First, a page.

The Political Struggle over Reform
Having examined and established the structural incentives and political context for rural institutional change in Chapter 5, I follow up the story of reform and argue that the rise of rural reform in post-Mao China may best be viewed as the result of an interaction between state and peasant. That process--or, more appropriately, political struggle--was mediated by local and regional leaders and fundamentally conditioned by the incentive structures shaped by the catastrophic Great Leap Famine and the opening up of political space that followed Mao's death.
The importance of the famine in shaping post-Mao rural reforms is shown by the behavior of both elites and peasants. At the top, leaders such as Chen Yun and Deng Xiaoping promoted a sequence of policies that harked back to the adjustment policies of the early 1960's for reviving China's stagnant rural economy. Chapter 4 already mentioned that in late 1978 Chen Yun and others called for increasing grain imports--a measure that was similar to what had been done in the early 1960's and that was constrained by the famine's long-term effect on the agricultural structure. This chapter starts with the historic Third Plenum of 1978. This plenum produced an important decision on rural policy that the Chinese have referred to as the New Sixty Articles, and it was indeed fashioned after the earlier ones that were drawn up during the famine under Mao's supervision.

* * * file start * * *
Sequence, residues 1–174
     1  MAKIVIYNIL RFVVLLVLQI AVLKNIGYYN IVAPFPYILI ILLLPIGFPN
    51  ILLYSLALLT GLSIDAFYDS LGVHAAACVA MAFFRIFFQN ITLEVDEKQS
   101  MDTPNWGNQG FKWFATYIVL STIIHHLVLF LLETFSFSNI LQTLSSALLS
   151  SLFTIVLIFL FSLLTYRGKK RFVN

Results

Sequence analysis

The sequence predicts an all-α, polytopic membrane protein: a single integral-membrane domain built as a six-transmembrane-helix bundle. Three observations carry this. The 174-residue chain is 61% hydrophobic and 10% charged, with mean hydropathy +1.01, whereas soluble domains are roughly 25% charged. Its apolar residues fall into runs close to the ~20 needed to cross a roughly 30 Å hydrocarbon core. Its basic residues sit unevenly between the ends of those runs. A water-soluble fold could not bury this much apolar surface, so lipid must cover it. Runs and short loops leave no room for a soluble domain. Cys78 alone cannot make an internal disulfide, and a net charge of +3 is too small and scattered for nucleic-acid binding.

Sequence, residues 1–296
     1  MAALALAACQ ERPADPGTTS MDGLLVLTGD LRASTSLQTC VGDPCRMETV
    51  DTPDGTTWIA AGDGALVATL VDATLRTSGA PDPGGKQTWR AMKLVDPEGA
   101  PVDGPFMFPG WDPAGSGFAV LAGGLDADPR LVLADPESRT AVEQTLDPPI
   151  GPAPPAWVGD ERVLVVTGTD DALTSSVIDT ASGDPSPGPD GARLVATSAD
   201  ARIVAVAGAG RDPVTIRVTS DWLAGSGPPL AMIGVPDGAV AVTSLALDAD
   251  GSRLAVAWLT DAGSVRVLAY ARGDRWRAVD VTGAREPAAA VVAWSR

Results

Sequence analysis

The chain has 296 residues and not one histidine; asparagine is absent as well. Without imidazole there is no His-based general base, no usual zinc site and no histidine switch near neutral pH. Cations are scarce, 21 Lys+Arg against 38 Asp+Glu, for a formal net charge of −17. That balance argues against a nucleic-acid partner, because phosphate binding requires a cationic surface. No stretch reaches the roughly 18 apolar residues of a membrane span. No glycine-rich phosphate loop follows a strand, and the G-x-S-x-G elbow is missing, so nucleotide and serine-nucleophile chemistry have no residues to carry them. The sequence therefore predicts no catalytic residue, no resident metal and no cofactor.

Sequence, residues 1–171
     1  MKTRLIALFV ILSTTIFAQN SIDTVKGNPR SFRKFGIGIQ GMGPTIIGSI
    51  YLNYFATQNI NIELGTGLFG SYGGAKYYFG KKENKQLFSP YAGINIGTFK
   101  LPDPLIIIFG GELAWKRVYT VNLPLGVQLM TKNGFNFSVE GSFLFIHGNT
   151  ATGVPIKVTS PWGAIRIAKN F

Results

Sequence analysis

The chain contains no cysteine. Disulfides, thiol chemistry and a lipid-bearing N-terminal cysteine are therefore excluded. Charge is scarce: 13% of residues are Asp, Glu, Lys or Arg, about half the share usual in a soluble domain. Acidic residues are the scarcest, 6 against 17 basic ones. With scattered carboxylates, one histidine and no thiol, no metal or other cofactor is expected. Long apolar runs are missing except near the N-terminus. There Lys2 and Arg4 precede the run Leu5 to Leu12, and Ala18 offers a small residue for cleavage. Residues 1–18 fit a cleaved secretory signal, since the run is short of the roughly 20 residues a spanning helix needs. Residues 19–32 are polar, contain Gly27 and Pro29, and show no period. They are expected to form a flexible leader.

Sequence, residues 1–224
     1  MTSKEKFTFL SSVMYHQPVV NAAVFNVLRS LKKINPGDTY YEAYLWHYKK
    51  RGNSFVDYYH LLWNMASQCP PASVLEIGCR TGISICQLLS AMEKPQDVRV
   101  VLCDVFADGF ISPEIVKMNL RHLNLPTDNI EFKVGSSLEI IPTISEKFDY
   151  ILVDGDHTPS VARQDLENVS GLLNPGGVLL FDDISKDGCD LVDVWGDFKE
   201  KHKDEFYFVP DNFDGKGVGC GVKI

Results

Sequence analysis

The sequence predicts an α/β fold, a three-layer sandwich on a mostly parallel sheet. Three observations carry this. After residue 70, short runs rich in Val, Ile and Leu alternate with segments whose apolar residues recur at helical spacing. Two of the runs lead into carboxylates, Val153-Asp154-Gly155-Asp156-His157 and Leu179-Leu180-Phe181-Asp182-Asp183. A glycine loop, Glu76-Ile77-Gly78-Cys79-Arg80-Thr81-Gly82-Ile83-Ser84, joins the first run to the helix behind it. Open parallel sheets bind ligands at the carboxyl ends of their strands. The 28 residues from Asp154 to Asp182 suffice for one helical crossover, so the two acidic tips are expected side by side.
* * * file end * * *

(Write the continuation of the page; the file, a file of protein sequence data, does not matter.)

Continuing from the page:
Peasants and cadres in those provinces that had suffered most from the famine had deep memories of it and were more likely to pursue liberal